As a security consultant, I’ve had the opportunity to assess the security postures of clients of all shapes and sizes. These enterprises have ranged in sizes from a five-man startup where all security (and information technology) was being handled by a single individual to Fortune 500 companies with standalone security departments staffed by several people handling application security, vendor security, physical security, etc. This post is based primarily on my experiences with smaller clients.
Cloud computing has definitely revolutionized the way companies do business. Not only does it allow companies to focus on core competencies by outsourcing a major part of the underlying IT infrastructure (and associated problems), it also allows for the conversion of heavy capital expenditure into scalable operational expenses that can be turned up or down on demand. The latter is especially helpful for smaller companies that can now access technologies that before had only been available to enterprises with million-dollar IT budgets.
Information security is one area where this transformation has been really impactful. With the likes of Amazon, Google and Microsoft continually updating their cloud environments and making them more secure, a lot of those security responsibilities can be handed over to the cloud providers. And this includes physical security as well, with enterprises no longer having to secure their expensive data centers.
However, this doesn’t mean that the need for physical security in the operating environment disappears. I once had a client CEO say to me, and I’m quoting him word for word – “Everything is in the cloud; why do I need physical security?” I responded, “Let’s consider a hypothetical scenario: you’re logged into your AWS admin account on your laptop and step away for a cup of coffee; I walk in and walk away with your laptop. Will that be a security issue for you?” Considering that this client had multiple entry points to its office with no receptionist, security guard or badged entry, I consider this scenario realistic instead of just hypothetical.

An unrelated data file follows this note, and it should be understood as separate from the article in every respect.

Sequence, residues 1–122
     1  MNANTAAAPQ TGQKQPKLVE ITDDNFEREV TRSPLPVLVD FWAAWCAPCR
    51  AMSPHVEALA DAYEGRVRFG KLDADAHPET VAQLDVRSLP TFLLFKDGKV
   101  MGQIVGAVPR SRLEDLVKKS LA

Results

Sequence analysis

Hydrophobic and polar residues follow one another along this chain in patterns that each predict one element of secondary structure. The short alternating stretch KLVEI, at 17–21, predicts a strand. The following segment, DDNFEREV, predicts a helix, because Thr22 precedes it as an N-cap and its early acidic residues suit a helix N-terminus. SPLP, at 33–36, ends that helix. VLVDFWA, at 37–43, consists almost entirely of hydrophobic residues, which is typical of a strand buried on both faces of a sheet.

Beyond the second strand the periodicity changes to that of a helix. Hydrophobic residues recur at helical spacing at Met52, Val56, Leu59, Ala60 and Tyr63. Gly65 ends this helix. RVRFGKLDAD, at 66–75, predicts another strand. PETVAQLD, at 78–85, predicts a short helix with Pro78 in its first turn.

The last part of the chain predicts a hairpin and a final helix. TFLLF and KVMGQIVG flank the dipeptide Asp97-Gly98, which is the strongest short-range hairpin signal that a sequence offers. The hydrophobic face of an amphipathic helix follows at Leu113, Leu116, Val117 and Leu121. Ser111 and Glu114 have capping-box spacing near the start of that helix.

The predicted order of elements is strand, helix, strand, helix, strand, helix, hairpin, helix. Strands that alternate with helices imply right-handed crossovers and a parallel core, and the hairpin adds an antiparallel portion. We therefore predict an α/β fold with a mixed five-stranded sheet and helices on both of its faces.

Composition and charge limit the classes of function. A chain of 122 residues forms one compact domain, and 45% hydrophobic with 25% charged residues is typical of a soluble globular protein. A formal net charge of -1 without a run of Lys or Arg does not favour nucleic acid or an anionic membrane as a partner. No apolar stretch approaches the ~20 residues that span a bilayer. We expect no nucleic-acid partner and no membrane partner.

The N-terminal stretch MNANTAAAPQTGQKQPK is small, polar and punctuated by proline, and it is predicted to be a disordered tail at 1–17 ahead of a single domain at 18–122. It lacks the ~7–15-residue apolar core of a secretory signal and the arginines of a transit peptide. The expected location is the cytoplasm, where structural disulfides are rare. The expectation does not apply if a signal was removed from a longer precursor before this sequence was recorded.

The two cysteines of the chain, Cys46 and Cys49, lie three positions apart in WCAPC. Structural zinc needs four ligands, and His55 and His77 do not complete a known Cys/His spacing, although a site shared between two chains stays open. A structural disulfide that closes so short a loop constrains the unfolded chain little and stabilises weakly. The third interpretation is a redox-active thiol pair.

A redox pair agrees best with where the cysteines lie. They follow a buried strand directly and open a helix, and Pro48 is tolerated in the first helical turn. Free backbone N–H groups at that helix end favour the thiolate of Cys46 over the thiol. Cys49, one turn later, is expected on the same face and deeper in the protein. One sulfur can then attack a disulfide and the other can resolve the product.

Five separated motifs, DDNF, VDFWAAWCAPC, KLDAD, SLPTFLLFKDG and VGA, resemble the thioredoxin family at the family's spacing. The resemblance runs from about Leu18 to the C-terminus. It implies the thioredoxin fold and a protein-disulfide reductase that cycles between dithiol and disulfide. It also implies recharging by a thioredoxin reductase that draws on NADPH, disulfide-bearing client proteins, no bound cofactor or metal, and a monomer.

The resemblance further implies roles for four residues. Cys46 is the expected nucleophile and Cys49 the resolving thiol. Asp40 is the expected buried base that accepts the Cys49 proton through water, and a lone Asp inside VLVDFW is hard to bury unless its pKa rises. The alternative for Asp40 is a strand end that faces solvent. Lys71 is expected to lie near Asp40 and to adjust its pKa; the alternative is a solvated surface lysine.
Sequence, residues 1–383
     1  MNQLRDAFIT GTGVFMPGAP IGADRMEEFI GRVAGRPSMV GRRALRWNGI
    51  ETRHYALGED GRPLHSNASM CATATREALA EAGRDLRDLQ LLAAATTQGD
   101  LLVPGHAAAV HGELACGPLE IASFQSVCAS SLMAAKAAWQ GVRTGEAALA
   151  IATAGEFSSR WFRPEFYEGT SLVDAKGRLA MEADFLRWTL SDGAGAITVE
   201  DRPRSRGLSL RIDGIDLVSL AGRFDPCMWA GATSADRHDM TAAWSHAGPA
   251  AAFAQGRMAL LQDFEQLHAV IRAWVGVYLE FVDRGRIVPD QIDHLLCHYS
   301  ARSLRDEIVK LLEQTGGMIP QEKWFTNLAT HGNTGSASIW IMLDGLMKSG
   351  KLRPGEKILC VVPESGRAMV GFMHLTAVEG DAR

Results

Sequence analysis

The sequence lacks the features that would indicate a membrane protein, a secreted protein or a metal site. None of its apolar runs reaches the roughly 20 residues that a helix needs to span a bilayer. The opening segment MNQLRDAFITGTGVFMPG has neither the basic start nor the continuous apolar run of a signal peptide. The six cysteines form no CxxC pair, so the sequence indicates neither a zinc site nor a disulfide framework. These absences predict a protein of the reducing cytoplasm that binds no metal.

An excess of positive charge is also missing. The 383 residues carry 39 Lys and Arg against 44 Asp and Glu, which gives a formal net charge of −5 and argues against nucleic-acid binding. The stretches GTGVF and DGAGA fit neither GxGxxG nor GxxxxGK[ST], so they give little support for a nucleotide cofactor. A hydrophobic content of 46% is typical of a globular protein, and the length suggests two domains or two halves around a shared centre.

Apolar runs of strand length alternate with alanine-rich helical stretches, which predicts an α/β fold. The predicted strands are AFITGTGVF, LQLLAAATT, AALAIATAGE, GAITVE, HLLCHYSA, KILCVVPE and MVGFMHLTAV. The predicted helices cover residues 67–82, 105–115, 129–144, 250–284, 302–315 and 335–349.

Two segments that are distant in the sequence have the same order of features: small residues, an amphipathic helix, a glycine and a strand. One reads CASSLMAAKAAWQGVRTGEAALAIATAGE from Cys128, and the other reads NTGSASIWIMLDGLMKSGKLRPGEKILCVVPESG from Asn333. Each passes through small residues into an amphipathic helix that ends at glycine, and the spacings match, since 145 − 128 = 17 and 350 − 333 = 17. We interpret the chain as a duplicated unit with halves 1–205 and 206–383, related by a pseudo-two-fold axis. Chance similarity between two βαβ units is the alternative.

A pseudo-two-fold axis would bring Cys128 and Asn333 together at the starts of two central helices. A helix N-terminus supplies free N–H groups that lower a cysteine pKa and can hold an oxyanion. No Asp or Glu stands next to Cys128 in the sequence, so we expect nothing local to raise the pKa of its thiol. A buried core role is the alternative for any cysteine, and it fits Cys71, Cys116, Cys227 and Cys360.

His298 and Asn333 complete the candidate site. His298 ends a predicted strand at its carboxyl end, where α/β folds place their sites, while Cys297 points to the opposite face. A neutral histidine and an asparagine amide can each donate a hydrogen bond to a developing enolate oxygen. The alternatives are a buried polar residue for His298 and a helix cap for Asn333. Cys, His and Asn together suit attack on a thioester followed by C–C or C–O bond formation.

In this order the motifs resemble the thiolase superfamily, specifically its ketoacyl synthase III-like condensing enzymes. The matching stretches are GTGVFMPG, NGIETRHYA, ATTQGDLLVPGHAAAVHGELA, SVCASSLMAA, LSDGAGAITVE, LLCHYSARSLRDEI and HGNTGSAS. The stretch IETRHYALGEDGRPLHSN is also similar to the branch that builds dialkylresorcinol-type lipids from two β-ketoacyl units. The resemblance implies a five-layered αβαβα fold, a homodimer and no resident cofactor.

I’ve visited client locations, signed in on a tablet with my name and who I’m supposed to meet, the person was notified, and I was subsequently escorted in. Note that at no point in this process was I required to verify who I am. Considering the IAAA (Identification, Authentication, Authorization, Auditing) model, I provided an Identity, but it was not Authenticated. In fact, if somebody else signed in with my name, they would have gained access to the facility considering the client contact was expecting me, or rather someone with my name, to show up around that time.
Let’s look at one more example. One of my clients, dealing with sensitive chemicals, had doors alarmed and CCTV-monitored. However, they left their windows unguarded, with the result that a drug addict broke in and stole several thousand dollars’ worth of material.
Smaller companies on smaller budgets obviously want to limit their spend on security. And with their production environments in the cloud, physical security of their office environments is the last thing on their minds. However, most of them have valuable physical assets, even if they don’t realize it, that could be secured by spending minimally. Here are a few recommendations:
- Ensure you have only a single point of entry during normal operations. Having an alarmed emergency exit is, however, highly recommended.
- Ensure that the above point of entry is covered by a camera. If live monitoring of the feed is too expensive, ensure that the time-stamped footage is stored offsite and retained for at least three months so that it can be reviewed in case of an incident.
- Install glass breakage alarms on windows. Put in motion sensors.
- In addition to alarms for forced entry, an alarm should sound for a door held open for more than 30 seconds. Train employees to prevent tailgating.
- Require employees and contractors to wear identification badges visibly.
- Verify identity of all guests and vendors before granting entry. Print out different-colored badges and encourage employees to speak up if anyone without a badge is on the premises.
- Establish and enforce a clear screen, clean desk and clear whiteboard policy.
- Put shredding bins adjacent to printers. Shred contents and any unattended papers at close of business.
- Mandate the use of laptop locks.
Please note that the above recommendations are not expensive to implement. While some are process-based requiring employee training, most require minimal investment in off-the-shelf equipment. Of course, there are varying degrees of implementation – for example, contracting with a vendor to monitor and act on alarms will cost more than just sounding the alarm.
In summary, while physical security requirements have definitely been reduced by moving to the cloud, it would be foolhardy to believe they have disappeared. This relative neglect of physical security by certain companies, and more, is the subject of my upcoming session at the ISACA Geek Week in Atlanta.
What other physical security measures do you think companies often ignore but would be easy to implement? Respond in the comments below.